Yesterday we attended the funeral service for great aunt Sonia at the Russian Orthodox church of which she'd been a member for most of her adult life. The building was onion-domed on the outside; inside, it was all gold, crystal and the most ornate of wood paneling. There were shimmer paintings of the saints on walls and images of them on stained glass. The air was so thick from incense that it reminded everyone just how tenuous the connection is between properly functioning lungs and this mortal earth. I sat in the back, closest to the doors, where I hoped to gasp in some of the morning's fresh, rain-bedazzled air.
The casket at a Russian Orthodox funeral is traditionally open. That's what I assume, anyway, based on the sight of aunt Sonia's pancaked features turned up toward the ceiling as she rested on a pillow beneath a cloud of incense for the duration of the ceremony. "Give rest to your servant fallen asleep," the priest repeated as he swung the golden canister of burning ash in sweeping arcs around the casket, like a yo-yo in the hands of the most experienced entertainer. Everything was in threes. "Fallen asleep. Your servant fallen asleep." Our Father, who art in heaven. And again, and again.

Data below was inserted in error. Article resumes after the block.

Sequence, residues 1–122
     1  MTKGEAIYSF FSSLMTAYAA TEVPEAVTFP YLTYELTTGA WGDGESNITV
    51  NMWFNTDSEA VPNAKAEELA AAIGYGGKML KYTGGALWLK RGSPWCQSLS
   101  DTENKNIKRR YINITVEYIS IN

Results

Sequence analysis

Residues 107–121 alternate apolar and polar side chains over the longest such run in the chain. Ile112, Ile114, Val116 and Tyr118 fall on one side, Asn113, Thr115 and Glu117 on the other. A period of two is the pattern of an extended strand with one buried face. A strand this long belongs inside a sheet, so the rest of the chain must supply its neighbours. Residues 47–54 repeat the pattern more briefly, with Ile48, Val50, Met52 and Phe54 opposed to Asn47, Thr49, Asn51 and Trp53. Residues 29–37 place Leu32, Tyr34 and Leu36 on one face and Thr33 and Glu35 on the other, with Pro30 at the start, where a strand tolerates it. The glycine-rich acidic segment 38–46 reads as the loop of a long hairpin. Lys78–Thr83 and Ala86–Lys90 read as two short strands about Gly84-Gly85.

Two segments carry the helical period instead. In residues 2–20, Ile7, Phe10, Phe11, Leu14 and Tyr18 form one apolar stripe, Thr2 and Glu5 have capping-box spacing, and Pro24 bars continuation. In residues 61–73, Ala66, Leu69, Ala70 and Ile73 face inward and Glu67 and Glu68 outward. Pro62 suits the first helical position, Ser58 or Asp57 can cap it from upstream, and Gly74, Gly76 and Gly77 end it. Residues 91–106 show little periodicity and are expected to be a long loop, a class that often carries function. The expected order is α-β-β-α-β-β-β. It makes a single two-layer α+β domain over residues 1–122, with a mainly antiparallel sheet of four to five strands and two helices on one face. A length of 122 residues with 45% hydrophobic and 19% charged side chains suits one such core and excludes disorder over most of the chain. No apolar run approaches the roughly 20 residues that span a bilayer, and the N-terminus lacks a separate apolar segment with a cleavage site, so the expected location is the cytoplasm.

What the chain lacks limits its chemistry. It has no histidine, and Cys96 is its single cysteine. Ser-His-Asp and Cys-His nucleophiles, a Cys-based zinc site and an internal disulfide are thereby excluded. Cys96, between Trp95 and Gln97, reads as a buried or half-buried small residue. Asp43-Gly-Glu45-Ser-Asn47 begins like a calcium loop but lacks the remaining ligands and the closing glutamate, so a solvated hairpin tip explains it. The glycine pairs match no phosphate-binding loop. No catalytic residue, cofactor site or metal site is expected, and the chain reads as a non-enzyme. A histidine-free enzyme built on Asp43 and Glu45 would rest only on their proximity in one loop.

I don't know that we cried, any of us. I know we looked at aunt Sonia in repose and thought how strange was this quiet. We tugged at our skirt hem, or adjusted our pants, or patted our hair. She would not have been impressed. We knew that. That's why her silence was so odd--the voice was still in our heads.
During the eulogy, the priest told us that aunt Sonia had trouble accepting the world for what it is. She had trouble accepting people for what they are. Flawed. And I thought that this priest hit the coffin nail on the head. He also told us she was the church's second oldest parishioner. She knew so much and she shared that knowledge. It was true, too. She was not all good or bad. When she was part of this world she was flawed just like the rest of us.
Afterward, our family lingered together in the game of catch-up we play only upon death. It's so good to see you. I'm sorry it had to be under these circumstances. We ate together. We exchanged email addresses and promises.
Even as we talked about someday having a real family reunion (it's not too late, said cousin Cindy, optimistically) we all knew that the next funeral would come first.
And we are scared, lazy and helpless, knowing there will be one less soul in attendance.